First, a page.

There’s nothing inherently wrong with having a little pride. It can propel you forward in tough situations and demonstrates a level of self-assuredness that we all strive for in our personal and professional lives. But there’s a narrow line dividing healthy confidence and stubborn ego, and one of the primary indicators you’ve landed on the wrong side is not being able to admit when you’re wrong.
“Ego, at the rudimentary level is defined as ‘person's sense of self-esteem or self-importance,’” says Dr. Sanam Hafeez, a neuropsychologist based in New York City. “The prevailing ego-centric side of us likes to win, whether it’s an argument with a spouse or even a silly debate over which movie should have won the Oscar.”
Struggling to admit our own fault, though — whether it was a major breach or a minor mess-up — doesn’t really serve us well. Not only can it sour some of our closest relationships, but it can even be detrimental to our own personal growth. For insight into why it’s so hard to hard to put ego aside and acknowledge our wrongdoing, and how to get better at doing so for the good of everyone, keep reading.
Why Admitting Fault is So Difficult
One reason why some can’t admit fault is simply due to a lack of self-awareness. This can be a pervasive and ongoing issue, or simply a matter of having a “blind spot” in certain social situations. After all, if someone isn’t even aware that they’re in the wrong then it’s impossible to admit wrongdoing in the first place.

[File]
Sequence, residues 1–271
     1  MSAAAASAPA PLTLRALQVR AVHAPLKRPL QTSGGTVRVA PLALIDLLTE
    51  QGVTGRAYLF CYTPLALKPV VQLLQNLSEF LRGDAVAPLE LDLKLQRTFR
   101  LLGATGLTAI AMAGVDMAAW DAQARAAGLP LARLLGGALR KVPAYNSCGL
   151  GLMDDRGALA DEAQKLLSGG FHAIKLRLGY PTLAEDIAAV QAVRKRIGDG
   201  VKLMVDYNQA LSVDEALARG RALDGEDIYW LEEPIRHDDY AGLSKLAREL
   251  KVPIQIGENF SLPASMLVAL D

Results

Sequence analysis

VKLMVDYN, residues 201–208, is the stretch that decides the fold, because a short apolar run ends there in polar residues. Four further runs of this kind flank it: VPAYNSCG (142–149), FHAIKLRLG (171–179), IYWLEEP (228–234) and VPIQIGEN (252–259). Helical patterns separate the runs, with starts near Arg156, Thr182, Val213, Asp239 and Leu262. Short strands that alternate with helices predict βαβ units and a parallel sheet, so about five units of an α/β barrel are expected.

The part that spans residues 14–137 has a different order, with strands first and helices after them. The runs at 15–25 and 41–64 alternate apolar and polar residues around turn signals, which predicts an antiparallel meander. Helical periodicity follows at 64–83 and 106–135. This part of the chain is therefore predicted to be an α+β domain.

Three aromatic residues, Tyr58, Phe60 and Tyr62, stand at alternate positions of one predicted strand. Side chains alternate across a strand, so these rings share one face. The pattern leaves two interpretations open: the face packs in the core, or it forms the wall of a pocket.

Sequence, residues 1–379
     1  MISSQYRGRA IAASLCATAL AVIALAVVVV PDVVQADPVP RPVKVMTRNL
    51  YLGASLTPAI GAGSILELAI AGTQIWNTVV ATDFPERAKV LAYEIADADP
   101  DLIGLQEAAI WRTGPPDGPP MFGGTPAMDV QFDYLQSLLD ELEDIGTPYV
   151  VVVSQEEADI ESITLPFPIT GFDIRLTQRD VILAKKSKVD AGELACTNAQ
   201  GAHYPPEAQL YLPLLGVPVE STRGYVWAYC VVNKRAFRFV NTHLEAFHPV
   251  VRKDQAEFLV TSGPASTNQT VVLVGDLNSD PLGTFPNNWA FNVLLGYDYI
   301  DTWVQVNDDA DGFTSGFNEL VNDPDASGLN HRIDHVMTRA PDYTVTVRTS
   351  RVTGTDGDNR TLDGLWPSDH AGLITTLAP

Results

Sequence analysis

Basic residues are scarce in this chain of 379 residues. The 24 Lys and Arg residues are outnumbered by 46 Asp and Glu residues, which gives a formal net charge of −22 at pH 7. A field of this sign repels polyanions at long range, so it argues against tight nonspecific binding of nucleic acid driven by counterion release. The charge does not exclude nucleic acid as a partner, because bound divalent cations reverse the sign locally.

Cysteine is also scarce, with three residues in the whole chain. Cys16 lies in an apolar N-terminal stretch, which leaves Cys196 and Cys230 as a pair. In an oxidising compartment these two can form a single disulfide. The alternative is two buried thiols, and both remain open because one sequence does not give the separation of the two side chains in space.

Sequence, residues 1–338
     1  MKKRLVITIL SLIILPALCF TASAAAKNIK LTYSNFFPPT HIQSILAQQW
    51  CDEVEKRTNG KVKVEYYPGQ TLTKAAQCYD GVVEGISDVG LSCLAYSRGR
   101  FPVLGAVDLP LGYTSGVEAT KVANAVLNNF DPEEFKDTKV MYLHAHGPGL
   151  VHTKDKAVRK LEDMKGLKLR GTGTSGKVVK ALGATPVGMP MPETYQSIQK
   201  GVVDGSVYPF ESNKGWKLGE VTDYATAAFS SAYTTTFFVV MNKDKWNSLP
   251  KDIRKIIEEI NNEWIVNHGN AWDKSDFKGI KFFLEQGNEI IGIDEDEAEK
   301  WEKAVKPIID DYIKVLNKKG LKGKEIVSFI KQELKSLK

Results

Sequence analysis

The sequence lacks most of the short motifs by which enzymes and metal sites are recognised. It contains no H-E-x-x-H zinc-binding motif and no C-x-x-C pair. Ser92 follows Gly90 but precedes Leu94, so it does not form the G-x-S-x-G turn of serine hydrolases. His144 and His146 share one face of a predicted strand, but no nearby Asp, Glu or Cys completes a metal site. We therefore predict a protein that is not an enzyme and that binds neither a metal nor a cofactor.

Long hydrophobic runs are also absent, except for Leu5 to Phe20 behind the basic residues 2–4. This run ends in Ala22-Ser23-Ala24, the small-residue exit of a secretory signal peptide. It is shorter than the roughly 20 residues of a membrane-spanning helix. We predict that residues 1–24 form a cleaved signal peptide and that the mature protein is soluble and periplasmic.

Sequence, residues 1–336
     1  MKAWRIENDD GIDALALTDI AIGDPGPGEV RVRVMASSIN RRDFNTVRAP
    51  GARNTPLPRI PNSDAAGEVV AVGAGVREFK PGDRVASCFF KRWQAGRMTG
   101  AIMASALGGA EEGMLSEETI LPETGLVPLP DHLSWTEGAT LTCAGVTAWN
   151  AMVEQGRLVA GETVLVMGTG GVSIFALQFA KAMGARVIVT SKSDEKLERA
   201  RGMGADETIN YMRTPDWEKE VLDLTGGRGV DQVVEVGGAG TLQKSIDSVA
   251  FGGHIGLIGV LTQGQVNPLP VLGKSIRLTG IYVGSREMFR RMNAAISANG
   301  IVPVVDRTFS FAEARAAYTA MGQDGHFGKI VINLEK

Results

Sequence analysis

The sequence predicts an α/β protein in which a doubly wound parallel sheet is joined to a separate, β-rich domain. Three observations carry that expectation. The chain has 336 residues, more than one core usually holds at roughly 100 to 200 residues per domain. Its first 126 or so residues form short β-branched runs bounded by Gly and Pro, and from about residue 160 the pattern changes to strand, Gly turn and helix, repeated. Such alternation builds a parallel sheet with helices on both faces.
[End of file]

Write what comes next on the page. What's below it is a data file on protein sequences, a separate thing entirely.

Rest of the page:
In other cases, though, it’s possible to be aware that you’re wrong — whether mildly or outright — but still struggle to wave the guilty flag due to our precious egos.
[For some], admitting they have made a mistake is too threatening to their sense of self ... What people end up doing is over-compensating by denying fault and refusing ownership of their own mistakes, thereby protecting their self-image.
“[For some], admitting they have made a mistake is too threatening to their sense of self as it would cause embarrassment, shame, guilt, or challenge their character or beliefs,” says Dr. Kate Kaplan, a licensed clinical psychologist based in Los Angeles, CA. “What people end up doing is over-compensating by denying fault and refusing ownership of their own mistakes, thereby protecting their self-image.”
This process is referred to as cognitive dissonance — an unconscious defense system that many of us employ to protect our ego. Dr. Kaplan says that those who struggle to admit fault, even when they’re aware on some level of their own wrongdoing, often worry that showing imperfection will indicate some grave character deficit. It can make them feel weak, unlikeable, or even as if they’re an inherently bad person. There’s also often a strong undercurrent of fear that makes them worry they’ll lose respect or destroy a bond.
How a Stubborn Ego Can Impact Your World
In other words, saying, “Yeah, I messed up and I’m sorry” can be terrifying. However, stubbornly denying our own wrongdoing frustrates our peers, colleagues, family members and partners. In doing so, we cause people to grow distant and end up isolating ourselves. It also stifles our personal growth.